To determine whether Stat5 bound to the 24p3 promoter in vivo, we carried out chromatin immunoprecipitation (ChIP) experiments. As a control, we analysed in parallel the promoter from a known Stat5 target gene, kinase suppressor of ras 1 (Ksr1) (Nelson et al, 2004). The results of Figure 1C show that Stat5 bound to the 24p3 promoter and that this interaction did not occur after imatinib treatment. Two Stat5 isoforms exist, Stat5a and Stat5b, which can play distinct roles on specific genes (e.g., Park et al, 1999). ChIP experiments revealed that both Stat5a and Stat5b were bound to the 24p3 promoter. By contrast, Stat5a but not Stat5b was bound to the control Ksr1 promoter.
We next tested whether BCR–ABL‐mediated activation of the JAK/STAT pathway in 32D cells was required for Stat5 binding to the 24p3 promoter and 24p3 transcription. Figure 1D and Supplementary Figure S1 show that in 32D/BCR–ABL cells there were high levels of phosphorylated forms of Jak1 and Stat5 (phospho‐Jak1 and phospho‐Stat5, respectively), indicative of JAK/STAT pathway activation. Activated Jak2 and Jak3 were also detectable in 32D/BCR–ABL cells (Supplementary Figure S2). The levels of phospho‐Jak1, ‐Jak2, ‐Jak3 and ‐Stat5 were substantially reduced after imatinib treatment (Figure 1D; Supplementary Figure S2), indicating that BCR–ABL was responsible for activation of the JAK/STAT pathway. As we reported previously (Devireddy et al, 2005), imatinib treatment of 32D/BCR–ABL cells also resulted in the loss of 24p3 expression (Figure 1D). In addition, after treatment of 32D/BCR–ABL cells with a JAK/STAT pathway inhibitor, Jak inhibitor I (Thompson et al, 2002), the levels of phospho‐Jak1 and phospho‐Stat5 were also decreased, accompanied by loss of 24p3 expression (Figure 1E). Finally, the RNA interference (RNAi) experiment of Figure 1F shows that siRNA‐mediated depletion of Stat5 also resulted in loss of 24p3 expression. Collectively, these results indicate that BCR–ABL stimulates the JAK/STAT pathway, leading to activation of Stat5, which then binds to the 24p3 promoter resulting in transcription activation.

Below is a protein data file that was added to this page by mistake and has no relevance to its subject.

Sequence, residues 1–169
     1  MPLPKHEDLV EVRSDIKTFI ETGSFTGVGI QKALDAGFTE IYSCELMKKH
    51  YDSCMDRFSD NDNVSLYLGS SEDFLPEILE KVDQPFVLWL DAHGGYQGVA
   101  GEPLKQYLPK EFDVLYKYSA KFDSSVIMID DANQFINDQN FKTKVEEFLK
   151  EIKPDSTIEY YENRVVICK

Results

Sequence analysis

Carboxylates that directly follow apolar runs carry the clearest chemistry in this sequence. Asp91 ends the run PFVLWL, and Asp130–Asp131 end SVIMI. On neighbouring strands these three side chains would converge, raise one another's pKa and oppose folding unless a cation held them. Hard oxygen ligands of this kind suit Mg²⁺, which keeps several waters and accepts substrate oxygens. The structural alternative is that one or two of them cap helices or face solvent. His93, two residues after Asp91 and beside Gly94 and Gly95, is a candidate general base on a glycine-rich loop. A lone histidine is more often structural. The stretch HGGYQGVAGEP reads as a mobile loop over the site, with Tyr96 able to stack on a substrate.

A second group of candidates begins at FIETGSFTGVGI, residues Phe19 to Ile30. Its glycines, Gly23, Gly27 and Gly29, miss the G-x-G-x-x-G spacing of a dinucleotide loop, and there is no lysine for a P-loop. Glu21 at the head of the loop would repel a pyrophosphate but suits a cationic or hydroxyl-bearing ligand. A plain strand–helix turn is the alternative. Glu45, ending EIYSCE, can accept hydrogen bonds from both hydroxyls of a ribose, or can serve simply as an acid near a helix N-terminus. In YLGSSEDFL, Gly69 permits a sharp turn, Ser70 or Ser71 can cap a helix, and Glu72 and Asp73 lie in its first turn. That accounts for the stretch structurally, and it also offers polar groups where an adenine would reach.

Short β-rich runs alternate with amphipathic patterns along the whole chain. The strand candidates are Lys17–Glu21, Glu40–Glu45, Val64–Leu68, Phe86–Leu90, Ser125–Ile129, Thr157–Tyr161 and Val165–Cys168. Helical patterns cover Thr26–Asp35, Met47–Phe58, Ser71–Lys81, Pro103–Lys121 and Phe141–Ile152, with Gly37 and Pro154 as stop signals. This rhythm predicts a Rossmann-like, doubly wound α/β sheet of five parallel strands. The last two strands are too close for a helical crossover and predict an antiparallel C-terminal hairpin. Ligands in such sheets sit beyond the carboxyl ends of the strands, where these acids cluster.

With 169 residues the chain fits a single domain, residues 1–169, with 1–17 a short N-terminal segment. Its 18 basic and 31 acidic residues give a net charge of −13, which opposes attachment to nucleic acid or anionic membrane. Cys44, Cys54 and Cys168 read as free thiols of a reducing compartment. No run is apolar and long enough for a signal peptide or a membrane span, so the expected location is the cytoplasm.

Repression of 24p3R expression by BCR–ABL occurs through a Runx protein binding switch
As described earlier, BCR–ABL represses 24p3R expression. Analysis of the 24p3R promoter revealed the presence of a putative Runx binding site at –425 to –432 bp upstream of the transcription start site (Figure 2A, top panel). Mutational analysis confirmed that the Runx binding site was required for 24p3R transcriptional activity in 32D cells (Figure 2A, bottom panel). Of the three Runx family members (Runx1, Runx2 and Runx3), only Runx1 and Runx3 are expressed in cells of hematopoietic origin (reviewed in Levanon and Groner, 2004). As an initial step to determine whether Runx proteins have a role in BCR–ABL‐mediated regulation of 24p3R expression, we performed ChIP analysis for Runx1 and Runx3. The results of Figure 2B show that in 32D cells, in which 24p3R is transcriptionally active, binding of Runx3 but not Runx1 could be detected at the 24p3R promoter. By contrast, in 32D/BCR–ABL cells, in which 24p3R is transcriptionally inactive, binding of Runx1 but not Runx3 was detected at the 24p3R promoter (Figure 2C). Moreover, after treatment of 32D/BCR–ABL cells with imatinib, binding of Runx1 to the 24p3R promoter decreased, which was accompanied by increased Runx3 binding. To rule out the possibility that the effects we observed on imatinib treatment resulted from inhibition of protein kinases other than BCR–ABL, we monitored binding of Runx1 and Runx3 to the 24p3R promoter in 32D cells expressing the imatinib‐resistant BCR–ABL(T315I) mutant. Figure 2D shows that imatinib failed to alter the binding pattern of Runx1 and Runx3 in 32D/BCR–ABL(T315I) cells. Finally, we found that the switch from Runx3 to Runx1 at the 24p3R promoter also occurred in BCR–ABL‐transformed primary bone marrow cells (Figure 2E). Collectively, these results reveal that BCR–ABL induces a Runx3 to Runx1 binding switch on the 24p3R promoter.